Enough explanations…’s the statistics from this week.

Clash of Kings (George R.R. Martin) 364/728 = 65 pages this week.

Fryderyk Chopin (Alan Walker) 381/671 = 40 pages this week.

In These Moments (Karen Kingsbury) 62/254 = 62 pages this week.

That brings my reading total for the week to 167 pages.

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The Weekly View from My Reading Chair (Jan 12)

Life has been incredibly busy this week. I traveled back to west Texas and had meetings and office work at the end of the week to prepare for the beginning of the Spring semester. Needless to say, I did not get a lot of reading done, so I can’t tell you much about my progress except where I am in the books. Hopefully next week will see me spending more time in my reading chair!

Clash of Kings (George R.R. Martin) – 299/728 pages (47 pages this week).

Fryderyk Chopin: A Life and Times (Alan Walker) – 341/671 pages (62 pages this week).

Total pages read this week: 109 pages (down 17 pages from last week).

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The Weekly View from My Reading Chair (Jan 4)

Happy New Year! I hope that 2019 has gotten off to a good start for you and that you are enjoying some great reads to start the year off right. Here’s how things are progressing here.

Clash of Kings (George R.R. Martin)The story has finally started to grab my imagination and I’ve found myself drawn into the pages. Even though this is a relatively quick read, I’ve not made as much progress as I would have liked because I’m absolutely ENTHRALLED by the Chopin biography. Current status: 252/728 pages (98 pages read this week.)

Fryderyk Chopin: A Life and Times (Alan Walker) – I cannot get enough of this book right now. I have always loved Chopin’s music and been interested in the Polish composer who found refuge in Paris, but this is the first time I am reading a thorough biography of the composer and his works. I find myself pausing at every turn to reflect and digest as much as I can. This leads to a slower reading pace, but I am thrilled with the experience and don’t want it to end any time soon.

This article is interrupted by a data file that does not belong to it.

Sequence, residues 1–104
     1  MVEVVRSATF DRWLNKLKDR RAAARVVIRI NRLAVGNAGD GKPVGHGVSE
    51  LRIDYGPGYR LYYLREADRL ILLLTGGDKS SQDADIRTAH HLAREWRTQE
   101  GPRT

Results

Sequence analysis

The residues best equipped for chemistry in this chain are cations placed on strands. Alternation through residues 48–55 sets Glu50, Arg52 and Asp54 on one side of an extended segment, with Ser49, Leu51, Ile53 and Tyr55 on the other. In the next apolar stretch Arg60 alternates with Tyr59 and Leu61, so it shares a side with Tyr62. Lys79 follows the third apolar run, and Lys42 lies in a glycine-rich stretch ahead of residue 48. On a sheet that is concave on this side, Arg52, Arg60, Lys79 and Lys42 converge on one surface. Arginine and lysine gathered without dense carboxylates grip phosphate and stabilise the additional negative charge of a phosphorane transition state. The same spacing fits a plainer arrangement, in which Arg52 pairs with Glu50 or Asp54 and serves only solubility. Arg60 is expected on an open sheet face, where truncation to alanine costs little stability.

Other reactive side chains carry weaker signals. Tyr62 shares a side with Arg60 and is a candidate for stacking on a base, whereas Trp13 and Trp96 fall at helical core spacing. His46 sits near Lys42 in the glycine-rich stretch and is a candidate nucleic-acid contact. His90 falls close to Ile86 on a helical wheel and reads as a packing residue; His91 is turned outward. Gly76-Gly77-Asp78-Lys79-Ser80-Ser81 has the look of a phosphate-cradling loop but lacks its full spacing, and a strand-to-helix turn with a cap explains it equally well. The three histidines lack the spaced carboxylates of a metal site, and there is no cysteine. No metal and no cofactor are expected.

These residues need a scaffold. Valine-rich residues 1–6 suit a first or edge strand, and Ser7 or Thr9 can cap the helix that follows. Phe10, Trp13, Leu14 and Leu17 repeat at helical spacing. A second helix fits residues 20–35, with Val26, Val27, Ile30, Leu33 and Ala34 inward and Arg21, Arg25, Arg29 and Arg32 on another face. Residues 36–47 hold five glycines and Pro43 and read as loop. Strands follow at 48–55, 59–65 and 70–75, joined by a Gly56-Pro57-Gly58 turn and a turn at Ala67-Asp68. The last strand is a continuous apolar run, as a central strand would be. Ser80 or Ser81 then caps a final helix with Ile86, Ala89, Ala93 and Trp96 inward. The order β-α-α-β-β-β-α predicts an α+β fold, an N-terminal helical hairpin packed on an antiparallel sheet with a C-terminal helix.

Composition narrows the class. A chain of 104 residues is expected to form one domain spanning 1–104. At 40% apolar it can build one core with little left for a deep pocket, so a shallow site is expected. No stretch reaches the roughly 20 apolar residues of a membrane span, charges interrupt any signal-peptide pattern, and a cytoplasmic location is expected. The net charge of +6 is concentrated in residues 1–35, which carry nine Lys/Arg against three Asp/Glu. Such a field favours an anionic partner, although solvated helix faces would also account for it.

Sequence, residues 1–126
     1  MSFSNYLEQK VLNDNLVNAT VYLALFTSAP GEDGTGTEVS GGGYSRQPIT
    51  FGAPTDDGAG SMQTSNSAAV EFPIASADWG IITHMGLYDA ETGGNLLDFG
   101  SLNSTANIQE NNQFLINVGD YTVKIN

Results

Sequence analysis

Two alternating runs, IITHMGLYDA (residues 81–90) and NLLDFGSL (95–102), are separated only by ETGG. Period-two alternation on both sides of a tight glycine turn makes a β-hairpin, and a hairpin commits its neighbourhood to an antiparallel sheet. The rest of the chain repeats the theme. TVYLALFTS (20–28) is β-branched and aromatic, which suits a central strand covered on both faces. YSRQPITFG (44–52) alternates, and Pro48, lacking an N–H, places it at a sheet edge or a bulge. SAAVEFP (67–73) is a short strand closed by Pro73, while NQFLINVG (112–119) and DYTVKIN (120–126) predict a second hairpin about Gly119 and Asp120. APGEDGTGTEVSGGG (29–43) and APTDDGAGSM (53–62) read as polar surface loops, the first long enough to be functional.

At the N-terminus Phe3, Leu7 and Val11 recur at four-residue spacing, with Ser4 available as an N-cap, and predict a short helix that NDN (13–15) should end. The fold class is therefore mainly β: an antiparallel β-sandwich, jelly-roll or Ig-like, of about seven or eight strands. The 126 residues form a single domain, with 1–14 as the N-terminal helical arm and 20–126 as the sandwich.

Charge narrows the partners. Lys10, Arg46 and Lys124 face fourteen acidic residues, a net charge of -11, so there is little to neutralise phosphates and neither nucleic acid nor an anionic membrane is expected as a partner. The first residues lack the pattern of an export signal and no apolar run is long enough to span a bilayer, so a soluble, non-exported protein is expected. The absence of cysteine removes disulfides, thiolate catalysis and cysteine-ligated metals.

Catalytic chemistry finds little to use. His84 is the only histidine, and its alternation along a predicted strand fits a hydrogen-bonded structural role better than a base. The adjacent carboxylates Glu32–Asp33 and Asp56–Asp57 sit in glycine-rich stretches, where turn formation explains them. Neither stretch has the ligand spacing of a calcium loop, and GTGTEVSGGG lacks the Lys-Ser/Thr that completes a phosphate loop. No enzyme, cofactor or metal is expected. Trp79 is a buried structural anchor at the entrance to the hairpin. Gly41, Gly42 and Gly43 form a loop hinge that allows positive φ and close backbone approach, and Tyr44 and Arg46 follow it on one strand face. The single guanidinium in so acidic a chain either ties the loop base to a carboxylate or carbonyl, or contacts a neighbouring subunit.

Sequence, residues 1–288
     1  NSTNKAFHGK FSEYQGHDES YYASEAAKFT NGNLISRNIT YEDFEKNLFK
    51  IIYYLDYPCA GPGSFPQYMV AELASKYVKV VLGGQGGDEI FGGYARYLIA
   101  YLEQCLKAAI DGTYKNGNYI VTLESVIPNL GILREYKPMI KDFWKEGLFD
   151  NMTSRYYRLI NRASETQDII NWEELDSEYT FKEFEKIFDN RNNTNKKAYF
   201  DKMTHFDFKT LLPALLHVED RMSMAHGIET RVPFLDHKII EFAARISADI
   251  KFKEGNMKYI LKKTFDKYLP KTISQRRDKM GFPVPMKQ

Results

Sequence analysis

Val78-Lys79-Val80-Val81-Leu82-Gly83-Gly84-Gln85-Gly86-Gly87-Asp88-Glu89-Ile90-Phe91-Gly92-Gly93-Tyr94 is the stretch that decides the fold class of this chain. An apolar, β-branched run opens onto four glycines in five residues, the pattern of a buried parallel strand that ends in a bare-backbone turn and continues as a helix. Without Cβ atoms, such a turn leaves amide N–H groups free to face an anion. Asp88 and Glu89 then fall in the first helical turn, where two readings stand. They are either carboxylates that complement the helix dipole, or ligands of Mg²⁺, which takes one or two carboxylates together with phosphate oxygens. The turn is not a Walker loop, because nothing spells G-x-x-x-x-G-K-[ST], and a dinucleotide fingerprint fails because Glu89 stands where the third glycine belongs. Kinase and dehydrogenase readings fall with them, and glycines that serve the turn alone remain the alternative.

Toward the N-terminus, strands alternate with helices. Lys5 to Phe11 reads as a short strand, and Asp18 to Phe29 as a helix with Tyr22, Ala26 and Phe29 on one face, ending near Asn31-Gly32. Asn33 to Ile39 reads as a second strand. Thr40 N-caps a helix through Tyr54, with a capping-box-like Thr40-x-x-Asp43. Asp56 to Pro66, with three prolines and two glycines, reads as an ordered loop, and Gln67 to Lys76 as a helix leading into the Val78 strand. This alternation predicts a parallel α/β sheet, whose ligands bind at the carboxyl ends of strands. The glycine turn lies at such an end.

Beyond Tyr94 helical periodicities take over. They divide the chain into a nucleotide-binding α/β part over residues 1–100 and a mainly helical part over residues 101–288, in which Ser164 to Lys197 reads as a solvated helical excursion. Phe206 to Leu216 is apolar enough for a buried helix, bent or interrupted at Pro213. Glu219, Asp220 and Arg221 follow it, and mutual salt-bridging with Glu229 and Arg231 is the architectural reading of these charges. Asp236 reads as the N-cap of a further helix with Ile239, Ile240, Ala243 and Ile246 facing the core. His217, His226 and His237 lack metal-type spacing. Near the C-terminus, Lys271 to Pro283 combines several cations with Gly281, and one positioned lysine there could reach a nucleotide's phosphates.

Let me give you a sample of what I’m enjoying so much about Walker’s text. As an introduction to Chopin’s significant impact on piano repertoire, Walker provides the following commentary. I think you will see right away why I am really having a lot of fun with this well-written, insightful, and witty biography.

When Chopin arrived in the French capital, it was full of composer-pianists, each one vying with the others for a place of supremacy at the keyboard. ….. It did not take Chopin long to assess the situation in which he found himself, and he delivered an opinion from which he never wavered: “I really don’t know whether any place contains more pianists than Paris, or whether you can find anywhere more asses and virtuosos. Is there a difference?” (Alan Walker, Fryderyk Chopin: A Life and Times, 239-40.)

Yep….that’s the kind of commentary I need to keep my attention while helping me to connect and identify with the composer. Current status: 279/671 pages (126 pages read this week.)

For those of you who enjoy stats (I certainly do!), that’s 224 pages read this week and over 850 pages still to read in these massive tomes. I hope I can pick up the pace once I’m back in west Texas and my normal routine. If all goes as planned, I’ll begin my journey back to reality on Monday. Tune in next Friday to see how things turn out in my reading adventure.

Have a great week and enjoy your own reading view!